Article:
The problem with pain, as it relates to our spending, is that it is very much like that oil change commercial.  A little pain now will almost certainly save us from much greater pain later.  Why?  Because right now our nation spends about $3.5 trillion per year but takes in only $2.5 trillion in taxes.  Obviously, you can’t, in the long-term, spend more than you earn, everyone who has ever balanced a checkbook knows that, but Washington has been doing it (more or less continuously) for more than sixty years.   So far we’ve accumulated a national debt of $17 trillion dollars… and, as bad as that sounds, that’s the good news.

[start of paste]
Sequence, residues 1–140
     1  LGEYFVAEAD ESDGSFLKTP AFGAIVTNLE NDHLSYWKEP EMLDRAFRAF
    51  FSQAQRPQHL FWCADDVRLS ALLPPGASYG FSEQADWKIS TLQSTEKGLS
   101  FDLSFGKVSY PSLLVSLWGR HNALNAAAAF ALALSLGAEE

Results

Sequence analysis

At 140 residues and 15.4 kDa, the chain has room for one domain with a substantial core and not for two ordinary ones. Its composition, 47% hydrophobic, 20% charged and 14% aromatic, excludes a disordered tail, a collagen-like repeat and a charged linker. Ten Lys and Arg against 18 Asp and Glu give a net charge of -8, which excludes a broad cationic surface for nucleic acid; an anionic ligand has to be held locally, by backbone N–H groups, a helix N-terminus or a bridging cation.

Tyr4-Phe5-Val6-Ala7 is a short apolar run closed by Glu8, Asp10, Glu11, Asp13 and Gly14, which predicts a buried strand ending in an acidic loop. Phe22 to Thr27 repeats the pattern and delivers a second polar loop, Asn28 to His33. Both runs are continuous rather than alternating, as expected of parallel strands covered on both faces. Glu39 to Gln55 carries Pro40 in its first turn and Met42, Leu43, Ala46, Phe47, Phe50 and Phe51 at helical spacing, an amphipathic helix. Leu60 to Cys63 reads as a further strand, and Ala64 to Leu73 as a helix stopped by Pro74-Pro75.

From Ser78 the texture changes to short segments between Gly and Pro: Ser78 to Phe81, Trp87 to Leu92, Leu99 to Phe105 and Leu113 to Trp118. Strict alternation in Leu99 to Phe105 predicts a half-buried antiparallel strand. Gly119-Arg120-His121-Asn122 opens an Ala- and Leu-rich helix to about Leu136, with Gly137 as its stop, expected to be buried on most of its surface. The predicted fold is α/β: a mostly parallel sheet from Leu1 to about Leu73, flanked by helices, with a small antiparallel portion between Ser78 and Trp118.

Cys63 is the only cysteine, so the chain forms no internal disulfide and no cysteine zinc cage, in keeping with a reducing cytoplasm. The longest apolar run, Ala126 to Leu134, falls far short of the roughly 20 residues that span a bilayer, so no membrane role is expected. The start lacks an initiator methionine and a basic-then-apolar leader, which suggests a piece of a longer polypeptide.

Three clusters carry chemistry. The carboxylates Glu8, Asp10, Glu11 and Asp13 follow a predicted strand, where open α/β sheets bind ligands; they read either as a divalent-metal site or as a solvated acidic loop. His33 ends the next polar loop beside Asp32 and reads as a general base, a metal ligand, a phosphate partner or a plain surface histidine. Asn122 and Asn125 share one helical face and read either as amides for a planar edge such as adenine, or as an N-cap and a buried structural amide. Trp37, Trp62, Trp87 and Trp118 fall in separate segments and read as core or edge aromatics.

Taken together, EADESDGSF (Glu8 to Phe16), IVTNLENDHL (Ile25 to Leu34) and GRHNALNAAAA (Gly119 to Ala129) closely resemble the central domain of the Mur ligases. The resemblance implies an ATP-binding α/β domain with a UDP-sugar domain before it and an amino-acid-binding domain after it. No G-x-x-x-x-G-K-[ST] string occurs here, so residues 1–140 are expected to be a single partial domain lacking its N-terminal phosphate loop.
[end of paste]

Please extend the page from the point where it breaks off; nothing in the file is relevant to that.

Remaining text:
We hear that our national debt is $17 trillion dollars but we are not told that this does not include the money that we “borrowed” from Social Security and Medicaid.  Every one of us has paid into Social Security for our retirement.  While all of the Baby Boomers were working, the surpluses from these deposits were immense… but they were never saved in any kind of “savings account” or “lockbox.”  Instead, to cover the growing deficits our elected representatives… spent them.  Because we borrowed the money from ourselves, this spending isn’t really considered part of the national debt, but when the Baby Boomers retire they will, naturally, expect to collect from the system they paid into.  How much do we owe them?  At present, our borrowing from Social Security and Medicare amounts to an additional $85 to 95 trillion and our expected payments for the national prescription drug benefit add another $20 trillion.  All together that comes to an astounding $125 trillion in debt.  (That works out to over a million dollars in debt for every U.S. household!)